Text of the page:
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. Last Updated: 07/27/2016

Fish Farmer Says End of Caviar Ban Stinks

ASTRAKHAN, Southern Russia -- Alexander Kitanov is on the front lines of the battle to save the 200 million-year-old beluga sturgeon from disappearing, a victim of the tastiness of its own eggs.

Kitanov, who for two decades has been running a fish farm to raise sturgeon fingerlings, or babies, for release in the Volga, is alarmed with the recent decision by the animal-protection arm of the United Nations, CITES, to lift its first-ever ban on international trade in Caspian caviar.

"They should have kept the ban," Kitanov said, when told late last week of CITES' decision. "The belugas are simply going to disappear."

Kitanov isn't alone in his disappointment in the Wednesday ruling by Geneva-based CITES, which stands for Convention on the International Trade in Endangered Species. Caviar Emptor -- which groups conservation organizations the Wildlife Conservation Society, the Natural Resources Defense Council and SeaWeb -- are to push for a reconsideration of the lifting of the beluga ban during three days of talks with CITES officials in Geneva starting Tuesday.

"The beluga sturgeon has been called the most valuable fish in the world because of its caviar," said Vikki Spruill, the executive director of SeaWeb. "It is more important now than ever for consumers to realize that it is in bad taste to eat the eggs of an endangered species."

At issue is a magnificent fish that can live for more than a century, grow to six meters and weigh 900 kilograms. But when even underage specimens yield 4.5 kilograms of caviar -- which a poacher in the Caspian region can sell for $500 -- concerns about safeguarding the fish from extinction takes the back burner to easy cash in the eyes of fishermen.

In its decision, CITES is allowing the five caviar-producing states of Russia, Kazakhstan, Azerbaijan, Turkmenistan and Iran to export a total of 142 tons of caviar this year, 9.6 percent less than in 2001.

Even though its own publication called the beluga situation "catastrophic," CITES justified its lifting of the ban by saying that Russia, Kazakhstan, Azerbaijan and Turkmenistan had joined Iran (whose caviar exports were not banned last year) in "launching a coordinated program for surveying and managing sturgeon stocks."

"This breakthrough on sturgeon management marks a dramatic step forward toward transparency and cooperation," CITES Deputy Secretary-General Jim Armstrong said in statement.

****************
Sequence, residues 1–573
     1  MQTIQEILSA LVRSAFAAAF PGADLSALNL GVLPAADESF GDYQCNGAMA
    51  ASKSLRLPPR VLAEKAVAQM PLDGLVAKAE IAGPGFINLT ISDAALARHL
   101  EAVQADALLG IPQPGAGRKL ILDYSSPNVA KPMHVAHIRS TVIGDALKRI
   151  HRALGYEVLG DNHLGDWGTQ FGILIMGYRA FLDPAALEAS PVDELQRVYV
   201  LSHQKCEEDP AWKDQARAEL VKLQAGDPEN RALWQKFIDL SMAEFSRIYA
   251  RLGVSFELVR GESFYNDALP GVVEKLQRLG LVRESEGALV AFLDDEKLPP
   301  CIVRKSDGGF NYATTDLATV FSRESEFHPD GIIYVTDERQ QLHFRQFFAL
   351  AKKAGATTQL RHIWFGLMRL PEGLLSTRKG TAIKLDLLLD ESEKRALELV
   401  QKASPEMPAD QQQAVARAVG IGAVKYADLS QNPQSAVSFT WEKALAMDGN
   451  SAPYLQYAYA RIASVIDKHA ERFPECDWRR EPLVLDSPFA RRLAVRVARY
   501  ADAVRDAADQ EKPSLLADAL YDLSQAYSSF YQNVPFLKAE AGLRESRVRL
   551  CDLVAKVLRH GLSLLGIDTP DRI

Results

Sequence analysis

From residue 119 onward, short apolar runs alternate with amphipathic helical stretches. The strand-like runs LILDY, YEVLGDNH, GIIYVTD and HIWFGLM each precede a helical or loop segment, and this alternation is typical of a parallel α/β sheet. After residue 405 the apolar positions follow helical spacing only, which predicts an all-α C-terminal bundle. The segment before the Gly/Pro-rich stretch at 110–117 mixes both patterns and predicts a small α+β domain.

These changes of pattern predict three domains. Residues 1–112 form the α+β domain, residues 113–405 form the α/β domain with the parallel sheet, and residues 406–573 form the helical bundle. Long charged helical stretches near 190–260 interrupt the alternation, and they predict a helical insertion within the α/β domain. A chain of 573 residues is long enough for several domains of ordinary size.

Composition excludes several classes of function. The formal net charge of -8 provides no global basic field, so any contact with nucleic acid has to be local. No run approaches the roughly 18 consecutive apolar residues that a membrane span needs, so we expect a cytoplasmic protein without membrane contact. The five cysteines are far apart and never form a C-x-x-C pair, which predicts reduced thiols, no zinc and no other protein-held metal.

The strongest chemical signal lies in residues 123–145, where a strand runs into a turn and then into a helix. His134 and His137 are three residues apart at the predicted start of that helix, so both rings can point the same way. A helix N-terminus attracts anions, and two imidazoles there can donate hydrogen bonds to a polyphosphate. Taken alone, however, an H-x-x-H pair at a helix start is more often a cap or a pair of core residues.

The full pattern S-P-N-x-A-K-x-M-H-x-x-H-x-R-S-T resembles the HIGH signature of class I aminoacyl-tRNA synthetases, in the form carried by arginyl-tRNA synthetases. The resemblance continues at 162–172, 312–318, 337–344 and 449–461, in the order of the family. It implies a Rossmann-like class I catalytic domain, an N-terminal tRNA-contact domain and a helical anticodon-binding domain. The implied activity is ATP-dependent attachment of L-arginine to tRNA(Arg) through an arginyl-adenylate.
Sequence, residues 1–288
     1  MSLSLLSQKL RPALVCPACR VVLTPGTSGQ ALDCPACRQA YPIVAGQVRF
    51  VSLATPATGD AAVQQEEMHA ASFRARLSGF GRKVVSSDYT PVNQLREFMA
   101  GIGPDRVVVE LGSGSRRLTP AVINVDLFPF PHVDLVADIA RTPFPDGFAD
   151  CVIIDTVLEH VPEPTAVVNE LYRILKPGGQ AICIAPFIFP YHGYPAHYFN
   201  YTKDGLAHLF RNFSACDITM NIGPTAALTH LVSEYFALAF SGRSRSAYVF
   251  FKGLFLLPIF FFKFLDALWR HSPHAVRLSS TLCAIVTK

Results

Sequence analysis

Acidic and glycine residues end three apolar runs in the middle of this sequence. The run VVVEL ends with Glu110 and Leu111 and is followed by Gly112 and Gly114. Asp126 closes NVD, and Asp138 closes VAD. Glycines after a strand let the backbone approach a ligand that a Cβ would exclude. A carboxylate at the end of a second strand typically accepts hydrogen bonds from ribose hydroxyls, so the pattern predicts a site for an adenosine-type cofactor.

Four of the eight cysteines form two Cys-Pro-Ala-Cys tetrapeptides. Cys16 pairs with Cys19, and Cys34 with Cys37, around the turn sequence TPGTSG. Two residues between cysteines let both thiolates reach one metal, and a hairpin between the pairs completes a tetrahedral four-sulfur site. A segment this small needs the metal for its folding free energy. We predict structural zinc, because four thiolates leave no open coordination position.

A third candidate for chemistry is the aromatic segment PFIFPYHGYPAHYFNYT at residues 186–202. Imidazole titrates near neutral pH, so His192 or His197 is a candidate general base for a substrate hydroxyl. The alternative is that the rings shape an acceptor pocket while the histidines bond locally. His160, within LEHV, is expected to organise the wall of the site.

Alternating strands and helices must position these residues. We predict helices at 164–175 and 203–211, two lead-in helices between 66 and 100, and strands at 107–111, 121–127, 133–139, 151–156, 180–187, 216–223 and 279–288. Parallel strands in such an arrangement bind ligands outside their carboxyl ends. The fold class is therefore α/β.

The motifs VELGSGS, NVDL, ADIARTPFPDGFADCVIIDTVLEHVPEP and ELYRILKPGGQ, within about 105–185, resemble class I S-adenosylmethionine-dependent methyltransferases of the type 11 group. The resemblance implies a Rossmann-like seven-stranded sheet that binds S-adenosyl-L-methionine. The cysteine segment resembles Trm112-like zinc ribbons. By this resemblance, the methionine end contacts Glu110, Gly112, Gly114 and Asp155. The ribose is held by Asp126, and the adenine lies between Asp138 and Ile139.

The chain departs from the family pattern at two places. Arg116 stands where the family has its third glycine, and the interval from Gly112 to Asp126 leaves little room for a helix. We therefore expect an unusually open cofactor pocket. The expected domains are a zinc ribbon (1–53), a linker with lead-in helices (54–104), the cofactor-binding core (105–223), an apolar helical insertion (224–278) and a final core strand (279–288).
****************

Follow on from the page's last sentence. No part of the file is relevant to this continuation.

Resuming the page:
"There is no such management program," countered Arkadiusz Labon, until recently head of the Caspian Center for Management of Bioresources of the Caspian Environmental Program, which is funded by the European Union.

He said the only coordinating body among the five countries, the informal Committee on Bioresources, "is a cheap surrogate limiting itself to determining catch quotas."

Labon helped organize a three-ship, six-week expedition in the Caspian Sea last summer to count sturgeon, and only 28 beluga were found in the 254 sturgeon caught, far fewer than years past. The trip found that only 15 percent of the beluga caught were adults, another sharp drop over previous surveys.

Labon and other experts say this illustrates how, despite some 70 million to 90 million fingerlings being released around the Caspian by fish farms like Kitanov's, poachers have wiped out nearly all of the adult beluga population over the past 10 years. The situation with the other species of sturgeon, though alarming, is not as bad as the beluga's.

Advocates of the ban say the existence of a legal trade makes the illegal trade much harder to control. The illegal catch is estimated at up to 10 times the legal catch.

Caviar Emptor is fighting in court to get the beluga placed on the U.S. endangered species list. This would end beluga caviar sales to the United States, its second-biggest consumer after Switzerland. U.S. consumption of legal beluga caviar is estimated at 1,600 female fish, according to Lisa Speer of the Natural Resources Defense Council.

Kitanov, meanwhile, is doing what he can to keep the sturgeon population stable -- but there is little he can do from his Bios hatchery in the village of Ikryanoye, which literally means Caviartown, located a half-hour's drive along the Volga River from Astrakhan at the head of the Volga delta.

Each spring, the fishermen who legally net the sturgeon swimming upriver to reproduce keep the bigger and healthier females alive and bring them to Kitanov's fish farm. At the farm, the most technologically advanced of seven such farms in Russia, the eggs are hatched and the fingerlings are released into the river a few weeks later when they weigh three grams.

"Last year, we got 20 percent fewer beluga females with roe than the previous year," he said. "Even five years ago, I was able to choose the best females, between 20 and 30 years of age, and I'd let the others go. Now I have to keep every one I can get, even though they are almost all underage and a lot of the eggs don't hatch."

He said the drastic fall in the adult population has awoken a deep instinct in the beluga that makes them reproduce before they have reached full maturity, usually around 17 years.

Kitanov has started a policy of performing cesarean operations on all roe-bearing females and keeping them on his farm in the hope that when they will be ready to reproduce again in a few years, they will be in better condition.

"I have about 40 of them now," he said. "They are my insurance."